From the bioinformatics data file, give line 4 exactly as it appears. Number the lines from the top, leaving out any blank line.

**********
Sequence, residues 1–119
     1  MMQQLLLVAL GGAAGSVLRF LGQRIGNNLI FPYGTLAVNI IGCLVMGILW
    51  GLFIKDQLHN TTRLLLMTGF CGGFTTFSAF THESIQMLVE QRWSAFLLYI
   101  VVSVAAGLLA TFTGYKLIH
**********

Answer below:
   101  VVSVAAGLLA TFTGYKLIH